In recent years, the perception of Chinese investment in Africa has undergone a transformation. In the late 1990s and early 2000s, the countries and peoples at which China’s financial commitments were aimed often considered them as a tool to increase Beijing’s power in the region. Currently, however, China’s presence is increasingly seen as an opportunity for development. Africa has become the stage for the growing competition between overseas powers in terms of direct investment and development programs. The most important players are China, the U.S. and European countries, but also India and Japan, with other countries eyeing the region. How should we assess the current U.S. strategy in Africa? Has the previous U.S. administration’s "Power Africa" plan been replaced by another public/private action plan? And how does Washington perceive China’s growing influence there? In addition, how does energy play into China’s Africa strategy? We put these other questions to J. Peter Pham, Vice-President of the Atlantic Council and Director of its Africa Center.
J. Peter Pham
Vice-President for Research and Regional Initiatives at the Atlantic Council, where he is also Director of the Council's Africa Center. Has taught law, political science and African studies at James Madison University. Among other roles, he is former Vice-President of the Association for the Study of the Middle East and Africa (ASMEA).
In the last few years, the perception of Chinese investments in Africa has changed. During the late 1990s and early 2000s, recipient countries and populations viewed these investments as a tool to increase China's influence in the region and exploit its natural resources. More recently, Chinese presence is increasingly seen as a development opportunity. What is your assessment?
I would argue that it is not only the external perception of Chinese investments in Africa that has changed, but that the internal strategic motivation behind them has evolved over time. Under Jiang Zemin (president, 1993-2003), the People’s Republic of China launched a national strategy of "going out" (zouchuqu zhanlue), which encouraged investments abroad to secure access to stable supplies of natural resources for which the increasing demand could no longer be met by domestic production. Under Jiang’s successor, President Hu Jintao (president, 2003-2013), the policy concept became that of China’s "peaceful rise" (heping jueqi) to political and economic "great power" status which, of course, required not only natural resources, but also diplomatic and commercial access-the latter to export the goods which Chinese factories, using the imported energy and primary resources from Africa and elsewhere, turned out at ever-increasing volumes and speed. China’s demand for resources-it is the world’s second-largest consumer of petroleum (after the United States) and accounts for over 40 percent of the global demand for base metals-is reflected in the country’s investment portfolio in Africa. While Chinese companies have investments in virtually every corner of Africa, nearly 75 percent of that total is concentrated in just ten countries: Nigeria, Algeria, South Africa, Ethiopia, the Democratic Republic of the Congo, Chad, Angola, Niger, Sierra Leone, and Cameroon. Moreover, just under half of these investments are in either the energy or mining sectors. Since Xi Jinping took over as general secretary of the Chinese Communist Party in 2012 and president in the following year, Chinese grand strategy has been animated by the idea of the "China dream" (Zhongguo meng) of recovering what many Chinese believe to be their country’s rightful place in the world. In Africa, this has meant interests that go beyond access to natural resources and markets to what Chinese representatives will describe as a "new type" of relations, by which they mean they will engage across the continent on a wider spectrum of areas-on an equal footing with what Africa’s traditional partners, including the United States and European countries, have been doing for decades. This approach includes burgeoning developmental and military links: in addition to more than 2,500 development, public works, and other construction projects in all but a handful of Africa’s fifty-four countries, China’s first-ever overseas military base was opened last year in Djibouti. In short, China’s engagement with Africa has evolved as the country’s global strategy has shifted and one can say that it is an important element in that larger plan. For Africans, this presents a great opportunity-as well as some risks.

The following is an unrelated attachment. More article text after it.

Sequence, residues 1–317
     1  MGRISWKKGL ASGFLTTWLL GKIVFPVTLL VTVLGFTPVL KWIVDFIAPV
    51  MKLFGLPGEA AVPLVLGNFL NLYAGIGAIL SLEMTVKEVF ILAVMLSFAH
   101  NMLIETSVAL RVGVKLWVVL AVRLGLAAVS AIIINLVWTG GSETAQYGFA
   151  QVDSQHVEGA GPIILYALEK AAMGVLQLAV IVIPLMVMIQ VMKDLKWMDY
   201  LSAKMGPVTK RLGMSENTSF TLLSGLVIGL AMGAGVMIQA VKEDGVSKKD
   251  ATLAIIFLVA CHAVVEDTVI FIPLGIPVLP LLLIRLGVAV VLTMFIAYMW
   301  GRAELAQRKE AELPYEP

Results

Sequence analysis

Africa is experiencing growing competition from external powers in terms of foreign direct investments and development programs. China, the United States and European countries are the most important players, but other countries (India and Japan, in particular) are looking to increase their presence. Do you consider this new "Scramble for Africa" will have a positive impact for the continent?
Increased trade and along with it, potentially greater diplomatic leverage can be good news for Africans if African states make the most of the opportunity. In theory, greater demand generates more attention and the latter can be exploited by statesmen with competence and vision to advance the interests of their countries. The question, however, is whether African leaders will rise to the occasion or whether they will settle for deals which may deliver short-term gains, but at significant long-term cost. For example, particularly concerning to many analysts is the trend among some of Africa’s newer partners, including China, to offer much-needed major infrastructure, but under terms that are not necessarily transparent, including mortgaging of natural resources, sometimes years, if not decades, into the future.